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The monkeys of this slum are called topeng monyet, or literally “masked monkeys,” and have their origins in the 1980s as traveling monkey acts to entertain the poor kids of the slums, or kampungs. As the shows became more popular, the monkeys became increasingly used for getting money from tourists. The monkeys, typically long tailed macaques, are either bred in captivity, or captured by poachers in the wild, often snatched away from their mothers while still breastfeeding, to embark on a life of servitude. They are usually trained to walk upright and are most often dressed up in bright, garish costumes and masks, which are meant to make them cuter and more humanlike but in reality just transform them into nightmare fuel. Some of the animals simply have a plastic doll’s head from a children’s toy shoved over their heads. The sight of these masked monkeys is certainly a bizarre, almost otherwordly experience. Associated Press photographer Ed Wray, who spent some time studying and photographing the phenomenon, succinctly described the common impression that these monkeys have on most:
A masked monkey in an east Jakarta slum
The sight struck me as so completely surreal. Bizarre, but also surreal in the sense that it struck me that there was some meaning to the juxtaposition of the baby doll heads on the monkeys that couldn’t be put into words. I was visually fascinated by the sight
While the shows themselves are typically lighthearted and cute, the training methods used to teach the monkeys these various tricks are grueling and inhumane. In order to teach the monkeys how to walk upright, for instance, a technique known as “the hanging monkey” is often employed. A ring is fitted around the monkey’s neck and this ring is tethered to two poles erected upright on either side of the animal. The ropes are tightened until the monkey is forced upright, and its arms are tied behind its back in order to prevent it from using them for balance. This position is meant to teach the animals to rely strictly on their two feet to maintain their balance and footing, as well as to strengthen the muscles in their legs.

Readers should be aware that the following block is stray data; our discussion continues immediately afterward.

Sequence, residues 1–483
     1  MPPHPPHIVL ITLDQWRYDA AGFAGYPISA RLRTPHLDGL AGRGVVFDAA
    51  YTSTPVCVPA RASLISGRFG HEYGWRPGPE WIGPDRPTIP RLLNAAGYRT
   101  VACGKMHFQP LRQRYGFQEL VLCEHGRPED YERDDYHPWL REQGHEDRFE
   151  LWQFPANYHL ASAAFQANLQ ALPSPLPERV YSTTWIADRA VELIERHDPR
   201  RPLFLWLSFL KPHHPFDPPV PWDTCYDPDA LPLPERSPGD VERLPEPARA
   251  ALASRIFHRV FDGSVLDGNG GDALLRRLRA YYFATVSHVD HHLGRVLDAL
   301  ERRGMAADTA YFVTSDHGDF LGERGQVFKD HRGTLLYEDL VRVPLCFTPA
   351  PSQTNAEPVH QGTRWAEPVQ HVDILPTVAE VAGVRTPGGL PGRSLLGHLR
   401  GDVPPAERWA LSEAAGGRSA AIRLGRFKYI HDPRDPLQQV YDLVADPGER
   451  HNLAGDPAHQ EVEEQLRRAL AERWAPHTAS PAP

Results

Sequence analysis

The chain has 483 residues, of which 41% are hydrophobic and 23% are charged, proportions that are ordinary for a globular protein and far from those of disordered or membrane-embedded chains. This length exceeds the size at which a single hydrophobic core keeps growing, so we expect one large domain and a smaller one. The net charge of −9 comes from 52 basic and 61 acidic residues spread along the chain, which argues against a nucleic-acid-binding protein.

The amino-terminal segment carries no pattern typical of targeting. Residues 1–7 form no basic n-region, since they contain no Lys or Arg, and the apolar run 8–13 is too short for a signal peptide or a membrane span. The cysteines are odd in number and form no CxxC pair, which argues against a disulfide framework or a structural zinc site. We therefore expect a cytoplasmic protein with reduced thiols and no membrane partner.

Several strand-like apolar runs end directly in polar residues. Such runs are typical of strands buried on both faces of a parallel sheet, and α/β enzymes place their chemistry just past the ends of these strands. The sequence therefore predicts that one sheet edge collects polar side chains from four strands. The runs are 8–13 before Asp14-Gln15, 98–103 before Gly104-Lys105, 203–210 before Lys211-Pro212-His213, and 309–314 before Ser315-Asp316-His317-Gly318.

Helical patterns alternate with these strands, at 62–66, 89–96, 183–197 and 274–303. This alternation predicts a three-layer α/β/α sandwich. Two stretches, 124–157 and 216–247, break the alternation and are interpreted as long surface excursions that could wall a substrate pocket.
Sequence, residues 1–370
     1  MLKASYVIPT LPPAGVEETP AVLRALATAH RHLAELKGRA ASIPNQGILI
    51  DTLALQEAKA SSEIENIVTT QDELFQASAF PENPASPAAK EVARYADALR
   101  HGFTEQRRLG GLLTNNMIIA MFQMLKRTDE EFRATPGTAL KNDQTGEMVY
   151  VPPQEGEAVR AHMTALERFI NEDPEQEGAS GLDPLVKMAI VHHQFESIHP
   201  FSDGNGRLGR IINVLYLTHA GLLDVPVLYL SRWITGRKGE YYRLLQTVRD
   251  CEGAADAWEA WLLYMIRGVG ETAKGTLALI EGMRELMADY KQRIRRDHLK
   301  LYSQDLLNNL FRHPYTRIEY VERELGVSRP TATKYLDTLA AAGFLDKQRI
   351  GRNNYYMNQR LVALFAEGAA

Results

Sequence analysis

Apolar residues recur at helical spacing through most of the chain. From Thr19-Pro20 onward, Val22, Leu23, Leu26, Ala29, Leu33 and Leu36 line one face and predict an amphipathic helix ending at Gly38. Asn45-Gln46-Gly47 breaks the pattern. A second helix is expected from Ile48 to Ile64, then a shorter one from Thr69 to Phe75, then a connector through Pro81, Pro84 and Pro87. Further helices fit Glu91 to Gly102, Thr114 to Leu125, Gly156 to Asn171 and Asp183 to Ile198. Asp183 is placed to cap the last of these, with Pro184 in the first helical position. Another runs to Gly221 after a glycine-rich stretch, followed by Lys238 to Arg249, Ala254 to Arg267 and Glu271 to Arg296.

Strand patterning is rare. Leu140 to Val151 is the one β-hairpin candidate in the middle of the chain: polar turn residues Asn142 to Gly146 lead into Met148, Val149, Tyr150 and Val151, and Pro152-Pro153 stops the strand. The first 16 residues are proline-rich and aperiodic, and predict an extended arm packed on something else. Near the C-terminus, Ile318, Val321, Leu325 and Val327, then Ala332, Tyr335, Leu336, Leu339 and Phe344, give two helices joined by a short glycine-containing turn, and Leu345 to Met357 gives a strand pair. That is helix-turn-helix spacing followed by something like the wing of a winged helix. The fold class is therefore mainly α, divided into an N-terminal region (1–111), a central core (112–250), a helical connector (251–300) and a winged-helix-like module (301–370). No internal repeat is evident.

They will be kept like this for hours on end, after which they will be allowed to rest for a short while before starting again. Some owners will not even give rest periods, instead keeping the monkey in this position all day long. It is not a comfortable or natural position for them, and so it is not uncommon for the monkeys undergoing this training technique to shriek and screech in pain and anguish. At the end of the process, which usually lasts from anywhere from a week to a month, the monkey will have acquired a humanlike posture and the ability to walk about bipedally for long periods of time. This is only the beginning of their arduous training regimen, as they are then subsequently taught to do their tricks and handle various toys and props. Training can last months and entails frequent beatings from the masters in order to break down the will of the animals.
originally posted by: Grovit
a reply to: CagliostroTheGreat
i definitely would not risk doing anything that would possibly cause me to be detained in indonesia..
poor monkeys and all that but nope. in the states where i know the game i might make a stand. not over there